Michael Nordine at IndieWire assured that the film met "sky-high expectations" and more:

"You already know how First Man ends. It's been nearly half a century since man walked on the moon, and nearly as long since space exploration was at the forefront of America's collective imagination, which is to say that Damien Chazelle's follow-up to La La Land has more challenges to contend with than it might initially appear. They're easily overcome: First Man is an anti-thriller of rare intensity, with lived-in performances from Ryan Gosling and Claire Foy heightening the sky-high drama at every turn. It's not a comprehensive look at the Apollo 11 mission, but revisits that famous story from a more intimate angle, even as it delivers a satisfying ride."

David Rooney from The Hollywood Reporter praised the film's "sober, contemplative" tone:

There can be no doubt concerning the ultimate outcome of Damien Chazelle's drama about NASA's 1969 Apollo 11 mission, which made history by putting astronauts on the Moon after a series of trial-and-error attempts. It's implicit in the title, First Man. So it's a credit to the filmmakers and to lead actor Ryan Gosling's thoughtfully internalized performance as Neil Armstrong that this sober, contemplative picture has emotional involvement, visceral tension, and yes, even suspense, in addition to stunning technical craft."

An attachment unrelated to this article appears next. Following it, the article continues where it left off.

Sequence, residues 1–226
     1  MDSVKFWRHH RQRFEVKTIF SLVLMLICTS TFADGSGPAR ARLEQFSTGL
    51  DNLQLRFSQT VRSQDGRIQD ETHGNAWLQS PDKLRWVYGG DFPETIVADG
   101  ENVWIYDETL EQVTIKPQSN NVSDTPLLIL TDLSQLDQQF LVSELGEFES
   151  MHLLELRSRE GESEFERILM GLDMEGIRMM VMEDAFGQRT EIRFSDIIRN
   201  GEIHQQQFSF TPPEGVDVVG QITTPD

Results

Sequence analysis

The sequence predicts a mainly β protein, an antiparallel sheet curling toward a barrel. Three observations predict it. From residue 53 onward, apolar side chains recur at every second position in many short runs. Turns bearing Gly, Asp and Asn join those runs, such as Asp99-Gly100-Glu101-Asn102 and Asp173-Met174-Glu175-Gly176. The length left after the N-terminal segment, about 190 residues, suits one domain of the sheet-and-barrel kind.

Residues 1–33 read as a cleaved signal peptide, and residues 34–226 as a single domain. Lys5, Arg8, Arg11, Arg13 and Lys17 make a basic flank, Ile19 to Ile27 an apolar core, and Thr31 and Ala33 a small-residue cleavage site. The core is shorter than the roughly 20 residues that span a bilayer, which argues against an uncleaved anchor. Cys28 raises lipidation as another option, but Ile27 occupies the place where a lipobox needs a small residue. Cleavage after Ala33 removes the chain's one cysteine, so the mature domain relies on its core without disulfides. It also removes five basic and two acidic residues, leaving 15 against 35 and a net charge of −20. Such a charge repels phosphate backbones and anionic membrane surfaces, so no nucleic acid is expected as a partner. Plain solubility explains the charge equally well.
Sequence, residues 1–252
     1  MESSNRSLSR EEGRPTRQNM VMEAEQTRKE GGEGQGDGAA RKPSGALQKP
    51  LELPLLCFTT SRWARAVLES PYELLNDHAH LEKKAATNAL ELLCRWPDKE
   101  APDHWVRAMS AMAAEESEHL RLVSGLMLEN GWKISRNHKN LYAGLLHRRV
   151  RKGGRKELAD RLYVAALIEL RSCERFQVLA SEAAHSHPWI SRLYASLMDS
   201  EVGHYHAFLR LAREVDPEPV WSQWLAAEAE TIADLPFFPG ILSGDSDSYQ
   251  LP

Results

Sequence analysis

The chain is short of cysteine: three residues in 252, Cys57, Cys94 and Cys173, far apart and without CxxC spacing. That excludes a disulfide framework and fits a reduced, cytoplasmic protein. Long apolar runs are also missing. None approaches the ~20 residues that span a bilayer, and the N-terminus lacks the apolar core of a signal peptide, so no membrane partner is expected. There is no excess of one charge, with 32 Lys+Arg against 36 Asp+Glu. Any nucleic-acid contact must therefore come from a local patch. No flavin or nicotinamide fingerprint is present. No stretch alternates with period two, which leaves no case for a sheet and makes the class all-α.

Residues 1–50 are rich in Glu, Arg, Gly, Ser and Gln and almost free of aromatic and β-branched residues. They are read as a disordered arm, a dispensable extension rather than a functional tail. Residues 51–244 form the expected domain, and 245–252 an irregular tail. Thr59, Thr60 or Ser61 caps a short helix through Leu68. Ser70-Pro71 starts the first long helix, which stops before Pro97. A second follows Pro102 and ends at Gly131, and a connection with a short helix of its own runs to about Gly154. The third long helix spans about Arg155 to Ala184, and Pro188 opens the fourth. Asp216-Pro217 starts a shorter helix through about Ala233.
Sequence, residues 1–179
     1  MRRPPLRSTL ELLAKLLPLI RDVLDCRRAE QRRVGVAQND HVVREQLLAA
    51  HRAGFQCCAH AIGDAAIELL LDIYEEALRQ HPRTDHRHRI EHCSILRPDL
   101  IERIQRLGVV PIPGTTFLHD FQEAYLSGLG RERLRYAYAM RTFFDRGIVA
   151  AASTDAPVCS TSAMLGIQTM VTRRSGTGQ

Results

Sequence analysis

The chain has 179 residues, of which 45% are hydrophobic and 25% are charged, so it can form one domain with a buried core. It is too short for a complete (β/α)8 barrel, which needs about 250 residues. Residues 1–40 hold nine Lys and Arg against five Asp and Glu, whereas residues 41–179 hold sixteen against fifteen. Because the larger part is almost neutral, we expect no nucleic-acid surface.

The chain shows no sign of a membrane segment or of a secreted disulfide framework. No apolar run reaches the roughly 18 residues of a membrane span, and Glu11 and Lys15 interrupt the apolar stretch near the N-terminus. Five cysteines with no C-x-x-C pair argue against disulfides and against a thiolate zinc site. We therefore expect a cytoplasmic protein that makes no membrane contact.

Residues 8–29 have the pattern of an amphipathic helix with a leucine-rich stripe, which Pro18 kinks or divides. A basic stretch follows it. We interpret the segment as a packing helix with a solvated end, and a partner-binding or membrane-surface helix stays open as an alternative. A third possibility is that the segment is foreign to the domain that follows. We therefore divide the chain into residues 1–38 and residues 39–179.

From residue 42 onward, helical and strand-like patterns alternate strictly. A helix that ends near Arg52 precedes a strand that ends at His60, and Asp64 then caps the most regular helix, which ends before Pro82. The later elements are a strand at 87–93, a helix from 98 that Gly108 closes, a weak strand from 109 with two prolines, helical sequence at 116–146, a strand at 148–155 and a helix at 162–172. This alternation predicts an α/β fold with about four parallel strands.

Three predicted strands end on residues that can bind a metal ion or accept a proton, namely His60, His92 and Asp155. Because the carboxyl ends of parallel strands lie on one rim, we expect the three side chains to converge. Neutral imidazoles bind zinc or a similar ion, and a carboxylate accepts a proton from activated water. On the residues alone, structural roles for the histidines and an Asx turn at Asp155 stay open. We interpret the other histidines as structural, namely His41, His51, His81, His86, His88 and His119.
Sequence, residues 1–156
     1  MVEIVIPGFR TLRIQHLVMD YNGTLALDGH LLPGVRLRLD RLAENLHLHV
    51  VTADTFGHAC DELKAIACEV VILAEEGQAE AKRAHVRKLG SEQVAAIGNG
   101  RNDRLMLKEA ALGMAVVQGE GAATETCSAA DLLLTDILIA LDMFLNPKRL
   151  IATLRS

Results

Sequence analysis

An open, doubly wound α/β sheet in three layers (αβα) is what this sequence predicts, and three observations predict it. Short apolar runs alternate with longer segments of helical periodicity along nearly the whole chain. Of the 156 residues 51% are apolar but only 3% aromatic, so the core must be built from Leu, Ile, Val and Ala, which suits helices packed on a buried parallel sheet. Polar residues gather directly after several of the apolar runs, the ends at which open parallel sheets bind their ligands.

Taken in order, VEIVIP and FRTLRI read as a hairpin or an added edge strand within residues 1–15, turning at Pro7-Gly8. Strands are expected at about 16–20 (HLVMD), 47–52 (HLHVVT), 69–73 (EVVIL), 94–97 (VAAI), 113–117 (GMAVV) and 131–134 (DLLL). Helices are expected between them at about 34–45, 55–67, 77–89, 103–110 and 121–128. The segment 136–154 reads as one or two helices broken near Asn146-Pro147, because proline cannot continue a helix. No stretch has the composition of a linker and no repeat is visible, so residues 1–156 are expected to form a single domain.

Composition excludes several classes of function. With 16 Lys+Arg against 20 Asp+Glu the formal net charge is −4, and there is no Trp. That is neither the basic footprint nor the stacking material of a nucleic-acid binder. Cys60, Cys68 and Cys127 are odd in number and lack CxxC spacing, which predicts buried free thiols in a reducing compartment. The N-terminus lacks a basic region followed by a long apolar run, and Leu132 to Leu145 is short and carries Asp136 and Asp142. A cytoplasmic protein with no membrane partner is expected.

The Film Stage's Leonardo Goi praised First Man as "a remarkable, jaw-dropping departure from anything Chazelle has previously made," adding:

First Man floats in space as much as it stays on the ground: even when it turns to Armstrong's famous exploits, Tom Cross' editing take us back and forth from the man's extraterrestrial meandering to his wife's domestic struggles.

Alex Billington at First Showing praised the film's "breathtaking and beautiful" technical aspects, which enhanced Gosling and Foy's frequently praised performances:

This is the story Chazelle gives us. It's a bit of both, an intimate story of how much Armstrong went through, and what it all meant to him. And a look at the incredible journey NASA took to send these guys up there. And the flight sequences are breathtaking: I was literally holding my breath. The sound design and sound editing in this is remarkable, so perfectly created it will make the hair on the back of your neck stand up. And the score by Justin Hurwitz (who also worked on La La Land) is wonderful, unique and expressive in a way that magnifies our emotions just a bit more. All of this works together in perfect harmony, making this a film that is not an overstated Hollywood feature about how dazzling and extraordinary it was to travel to the Moon. Instead, it's about how these people worked audaciously & intensely to complete the mission.